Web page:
eat the stew for dinner, leaving leftovers in the pot to get cold
    overnight, then start over the next day. Sometimes stew had food in it that
    had been there for quite a while. Hence the rhyme: ''Peas porridge hot,
    peas porridge cold, peas porridge in the pot, nine days old''.



    Sometimes they could obtain pork, which made them feel quite special.
    When visitors came over they would hang up their bacon, to show off. It was
    a sign of wealth that a man could, "Bring home the bacon."
    They would cutoff a little to share with guests and would all sit around talking and
    ''chew the fat''.


    Those with money had plates made of pewter. Food with high acid content
    caused some of the lead to leach onto the food, causing lead poisoning and
    death. This happened most often with tomatoes, so for the next 400 years
    or so, tomatoes were considered poisonous.


    Bread was divided according to status. Workers got the burnt bottom of
    the loaf, the family got the middle, and guests got the top, or
    ''The Upper Crust''.

    Lead cups were used to drink ale or whisky. The combination would
    sometimes knock the imbibers out for a couple of days. Someone walking
    along the road would take them for dead and prepare them for burial. They
    were laid out on the kitchen table for a couple of days and the family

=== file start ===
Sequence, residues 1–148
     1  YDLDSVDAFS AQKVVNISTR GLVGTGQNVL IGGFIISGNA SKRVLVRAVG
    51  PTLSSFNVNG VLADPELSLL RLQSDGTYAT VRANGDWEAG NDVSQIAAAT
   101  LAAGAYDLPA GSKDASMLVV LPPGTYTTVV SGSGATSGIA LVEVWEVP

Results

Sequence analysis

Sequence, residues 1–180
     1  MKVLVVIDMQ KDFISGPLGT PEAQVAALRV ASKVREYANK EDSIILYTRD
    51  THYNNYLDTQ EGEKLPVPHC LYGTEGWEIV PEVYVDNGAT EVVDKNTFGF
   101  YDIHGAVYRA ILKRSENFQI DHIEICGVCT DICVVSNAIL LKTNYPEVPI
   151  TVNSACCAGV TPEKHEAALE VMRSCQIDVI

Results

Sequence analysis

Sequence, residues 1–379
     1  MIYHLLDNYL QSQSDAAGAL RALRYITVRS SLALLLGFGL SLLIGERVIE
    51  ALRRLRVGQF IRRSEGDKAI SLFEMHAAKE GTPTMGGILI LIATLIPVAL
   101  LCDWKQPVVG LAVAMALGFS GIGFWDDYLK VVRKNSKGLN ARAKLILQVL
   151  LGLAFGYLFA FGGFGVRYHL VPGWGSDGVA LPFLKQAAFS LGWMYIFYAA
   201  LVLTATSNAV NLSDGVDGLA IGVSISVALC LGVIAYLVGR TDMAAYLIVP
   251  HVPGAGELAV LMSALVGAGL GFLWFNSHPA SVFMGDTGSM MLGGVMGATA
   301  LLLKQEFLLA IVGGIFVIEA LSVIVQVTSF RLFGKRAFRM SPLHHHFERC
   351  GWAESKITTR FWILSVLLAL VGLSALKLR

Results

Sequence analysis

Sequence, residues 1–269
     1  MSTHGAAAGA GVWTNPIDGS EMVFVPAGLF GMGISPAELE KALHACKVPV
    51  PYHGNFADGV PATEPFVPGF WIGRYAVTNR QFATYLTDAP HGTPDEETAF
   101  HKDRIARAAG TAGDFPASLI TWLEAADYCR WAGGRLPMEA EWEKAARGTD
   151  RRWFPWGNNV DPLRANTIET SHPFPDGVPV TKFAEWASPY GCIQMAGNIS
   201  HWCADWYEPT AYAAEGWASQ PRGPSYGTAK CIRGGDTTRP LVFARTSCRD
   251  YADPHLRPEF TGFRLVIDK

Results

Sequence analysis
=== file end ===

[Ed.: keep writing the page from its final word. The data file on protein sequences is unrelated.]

would gather around and eat and drink and wait and see if they would wake
    up. Hence the custom of ''Holding a Wake''.


    England is old and small and the local folks started running out of
    places to bury people, so they would dig up coffins and would take the
    bones to a bone-house and reuse the grave. When reopening these coffins, 1
    out of 25 coffins were found to have scratch marks on the inside and they
    realised they had been burying people alive. So they would tie a string on
    the wrist of the corpse, thread it through the coffin and up through the
    ground and tie it to a bell.

    Someone would have to sit out in the graveyard all night (the graveyard shift)
    to listen for the bell; thus someone could be,
    ''Saved by the Bell ''or was considered a ''Dead Ringer''

    And that's the truth.

    Now, whoever said history was boring ! ! !
    So .. . ... get out there and educate someone!
    Willem Pretorius--Kingdom of Bahrain

  2. #2
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    sorry to say observe but have a look on snopes.com, and put in one for the road or on the wagon, comes up with different theories. they make good reading though .

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    thanks spike
    i didn't check it on snopes.com first-my mistake!
    Willem Pretorius--Kingdom of Bahrain

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    shame it wasnt true, but as they say they were not that nice to prisoners then!

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    Interesting ! Thanks Observe

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    Still fun to read. Even if one is true then its worth the reading if not its worth a laugh.
    Enjoy life now -- it has an expiration date.

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    Here are some facts about the 1500s:
    Most people got married in June, because they took their yearly bath
    in May and they still smelled pretty good by June. However, since they were
    starting to smell, brides carried a bouquet of flowers to hide the body
    odour. Hence the custom today of carrying a bouquet when getting married.
    Are you suppose to take a bath more than once a year?
    When I am not hunting, I am thinking about hunting....I think I'll go hunting.